Date on Master's Thesis/Doctoral Dissertation


Document Type

Doctoral Dissertation

Degree Name

Ph. D.


Pharmacology and Toxicology

Degree Program

Pharmacology and Toxicology, PhD

Committee Chair

Hein, David W.

Committee Co-Chair (if applicable)

States, J. Christopher

Committee Member

States, J. Christopher

Committee Member

Samuelson, David J.

Committee Member

Barve, Shirish

Committee Member

Jenson, Alfred B.

Author's Keywords

arylamine N-acetyltransferase 1; tumorigenesis; breast cancer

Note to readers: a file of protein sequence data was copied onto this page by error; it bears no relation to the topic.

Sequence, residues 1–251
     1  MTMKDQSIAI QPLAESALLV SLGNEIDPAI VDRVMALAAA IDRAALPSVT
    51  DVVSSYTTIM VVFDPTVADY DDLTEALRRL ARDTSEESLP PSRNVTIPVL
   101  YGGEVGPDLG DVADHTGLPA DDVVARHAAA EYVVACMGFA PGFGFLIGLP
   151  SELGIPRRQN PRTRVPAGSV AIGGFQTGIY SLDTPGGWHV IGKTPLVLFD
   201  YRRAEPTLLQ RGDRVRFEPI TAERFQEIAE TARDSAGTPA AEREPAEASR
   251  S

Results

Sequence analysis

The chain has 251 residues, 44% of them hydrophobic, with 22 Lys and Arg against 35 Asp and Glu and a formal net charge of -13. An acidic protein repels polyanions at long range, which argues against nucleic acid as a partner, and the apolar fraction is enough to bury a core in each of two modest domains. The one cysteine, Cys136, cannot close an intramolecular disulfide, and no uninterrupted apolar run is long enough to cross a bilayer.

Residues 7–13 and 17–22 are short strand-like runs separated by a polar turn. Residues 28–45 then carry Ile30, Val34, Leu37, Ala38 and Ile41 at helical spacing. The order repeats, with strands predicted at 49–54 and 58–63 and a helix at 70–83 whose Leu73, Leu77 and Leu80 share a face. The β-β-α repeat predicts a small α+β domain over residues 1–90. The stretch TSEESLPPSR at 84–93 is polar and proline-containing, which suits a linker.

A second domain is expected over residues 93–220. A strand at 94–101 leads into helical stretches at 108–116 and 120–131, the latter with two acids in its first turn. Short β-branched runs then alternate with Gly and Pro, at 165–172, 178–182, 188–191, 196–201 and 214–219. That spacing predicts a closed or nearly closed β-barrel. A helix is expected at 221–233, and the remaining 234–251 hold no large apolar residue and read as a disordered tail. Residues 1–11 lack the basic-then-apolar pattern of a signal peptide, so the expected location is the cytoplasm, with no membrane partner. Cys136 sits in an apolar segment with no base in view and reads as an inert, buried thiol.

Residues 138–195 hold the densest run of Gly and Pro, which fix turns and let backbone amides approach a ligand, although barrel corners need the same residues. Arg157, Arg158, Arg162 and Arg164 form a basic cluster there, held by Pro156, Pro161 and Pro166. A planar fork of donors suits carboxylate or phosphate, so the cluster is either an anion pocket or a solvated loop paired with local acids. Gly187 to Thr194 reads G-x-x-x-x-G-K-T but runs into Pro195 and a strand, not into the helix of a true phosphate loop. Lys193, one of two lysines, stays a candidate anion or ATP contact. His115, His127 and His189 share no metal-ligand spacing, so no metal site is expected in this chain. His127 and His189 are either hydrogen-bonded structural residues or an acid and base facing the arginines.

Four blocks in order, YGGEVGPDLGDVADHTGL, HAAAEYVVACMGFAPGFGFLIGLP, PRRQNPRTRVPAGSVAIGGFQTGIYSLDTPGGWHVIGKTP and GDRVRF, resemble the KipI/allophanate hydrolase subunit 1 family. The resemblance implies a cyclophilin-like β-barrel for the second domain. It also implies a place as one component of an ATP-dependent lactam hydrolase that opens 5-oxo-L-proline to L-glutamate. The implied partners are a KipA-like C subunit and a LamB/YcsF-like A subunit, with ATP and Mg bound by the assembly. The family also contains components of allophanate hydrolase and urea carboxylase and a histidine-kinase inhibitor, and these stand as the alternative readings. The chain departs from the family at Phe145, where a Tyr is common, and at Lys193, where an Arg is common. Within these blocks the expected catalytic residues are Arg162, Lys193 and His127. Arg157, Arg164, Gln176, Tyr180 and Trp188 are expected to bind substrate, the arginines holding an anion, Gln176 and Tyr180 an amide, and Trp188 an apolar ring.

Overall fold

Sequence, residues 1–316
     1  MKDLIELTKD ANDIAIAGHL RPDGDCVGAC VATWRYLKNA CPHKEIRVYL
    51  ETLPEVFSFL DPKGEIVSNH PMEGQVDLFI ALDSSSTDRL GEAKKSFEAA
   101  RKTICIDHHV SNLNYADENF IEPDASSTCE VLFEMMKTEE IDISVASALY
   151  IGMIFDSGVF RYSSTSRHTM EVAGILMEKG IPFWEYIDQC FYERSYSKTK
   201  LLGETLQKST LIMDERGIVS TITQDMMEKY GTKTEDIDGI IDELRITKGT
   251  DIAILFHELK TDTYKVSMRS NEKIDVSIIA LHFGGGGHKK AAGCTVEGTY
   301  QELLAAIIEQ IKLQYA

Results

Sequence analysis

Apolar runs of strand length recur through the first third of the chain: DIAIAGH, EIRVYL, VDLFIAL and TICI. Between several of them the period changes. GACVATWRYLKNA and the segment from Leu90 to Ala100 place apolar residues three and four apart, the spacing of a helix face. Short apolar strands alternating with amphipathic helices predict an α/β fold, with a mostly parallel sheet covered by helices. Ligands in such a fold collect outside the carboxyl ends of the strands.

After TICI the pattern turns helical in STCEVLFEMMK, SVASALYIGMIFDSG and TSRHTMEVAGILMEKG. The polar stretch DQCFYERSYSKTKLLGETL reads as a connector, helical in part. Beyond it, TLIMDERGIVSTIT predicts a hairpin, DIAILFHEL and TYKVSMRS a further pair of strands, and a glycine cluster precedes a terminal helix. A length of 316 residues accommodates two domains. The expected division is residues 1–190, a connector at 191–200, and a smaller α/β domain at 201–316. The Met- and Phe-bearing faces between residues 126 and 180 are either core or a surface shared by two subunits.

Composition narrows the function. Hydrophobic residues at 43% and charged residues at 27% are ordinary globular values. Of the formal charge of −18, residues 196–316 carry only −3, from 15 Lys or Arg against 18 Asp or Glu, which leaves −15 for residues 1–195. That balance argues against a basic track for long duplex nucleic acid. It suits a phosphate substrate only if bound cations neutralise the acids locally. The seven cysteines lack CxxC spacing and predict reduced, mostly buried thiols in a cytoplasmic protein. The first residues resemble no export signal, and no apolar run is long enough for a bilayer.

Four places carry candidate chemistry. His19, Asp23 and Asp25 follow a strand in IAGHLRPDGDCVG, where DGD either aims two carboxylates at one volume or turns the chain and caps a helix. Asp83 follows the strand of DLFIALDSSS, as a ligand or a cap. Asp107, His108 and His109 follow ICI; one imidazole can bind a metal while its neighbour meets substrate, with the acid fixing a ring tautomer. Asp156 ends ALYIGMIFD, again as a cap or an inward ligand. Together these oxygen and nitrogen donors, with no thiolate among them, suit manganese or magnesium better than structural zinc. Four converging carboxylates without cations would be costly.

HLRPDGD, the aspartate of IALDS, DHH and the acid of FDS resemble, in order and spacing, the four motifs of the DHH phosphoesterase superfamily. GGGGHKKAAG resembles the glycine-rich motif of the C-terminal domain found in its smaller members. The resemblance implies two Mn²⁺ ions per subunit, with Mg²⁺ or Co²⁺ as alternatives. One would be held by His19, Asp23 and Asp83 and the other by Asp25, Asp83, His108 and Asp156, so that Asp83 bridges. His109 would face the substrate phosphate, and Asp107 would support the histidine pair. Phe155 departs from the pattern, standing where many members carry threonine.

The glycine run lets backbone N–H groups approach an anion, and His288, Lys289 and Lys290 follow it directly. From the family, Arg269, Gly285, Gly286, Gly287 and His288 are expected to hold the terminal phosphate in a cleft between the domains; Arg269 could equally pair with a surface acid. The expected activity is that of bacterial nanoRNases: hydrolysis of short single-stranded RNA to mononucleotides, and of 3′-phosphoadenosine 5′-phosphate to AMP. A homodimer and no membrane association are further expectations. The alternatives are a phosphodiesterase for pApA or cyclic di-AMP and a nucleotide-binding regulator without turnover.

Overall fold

Human arylamine N-acetyltransferase 1 (NAT1) is a well-known phase II metabolic enzyme that has been associated with carcinogenesis. Its role in the biotransformation of aromatic and heterocyclic amine carcinogens has been investigated for many years, but more recent investigations focus on a possible endogenous role of human NAT1 in cancer initiation and progression. To further explore and understand possible endogenous roles for NAT1, we conducted in vitro enzymatic reactions, in vivo studies using homozygous high (rapid) or low (slow) NAT2 activity congenic F344.WKY rats, and genetically modified human breast cancer cell lines. Human NAT1 and rodent NAT2 hydrolyzed acetyl-coenzyme A (AcCoA) in a folate-dependent manner. The rat Nat2 gene is a functional ortholog for the human NAT1 because it has similar sequence and substrate specificity to human NAT1. Rapid acetylator NAT2 congenic rats developed more mammary tumors than the slow acetylator NAT2 congenic rats following administration of the mammary carcinogens methylnitrosourea and 7,12-dimethylbenzanthracene, neither of which is metabolized by rat NAT2. Investigations of partial NAT1 knockdown and complete NAT1 knockout were completed in MDA-MB-231 and MCF7 human breast cancer cell lines. Both partial and complete NAT1 knockout reduced ability for colony formation in soft agar compared to parental cell lines. Endogenous AcCoA levels in congenic rat embryonic fibroblasts and in human breast cancer cell lines with partial and complete NAT1 knockout showed increased AcCoA when the level of NAT1 was reduced within the cells. In summary, the findings compliment but do not fully replicate previous reports regarding the effect of reducing NAT1 activity on cancer cell properties. Use of this model system further suggests that human NAT1 could serve as a target for the prevention and/or treatment of breast cancer.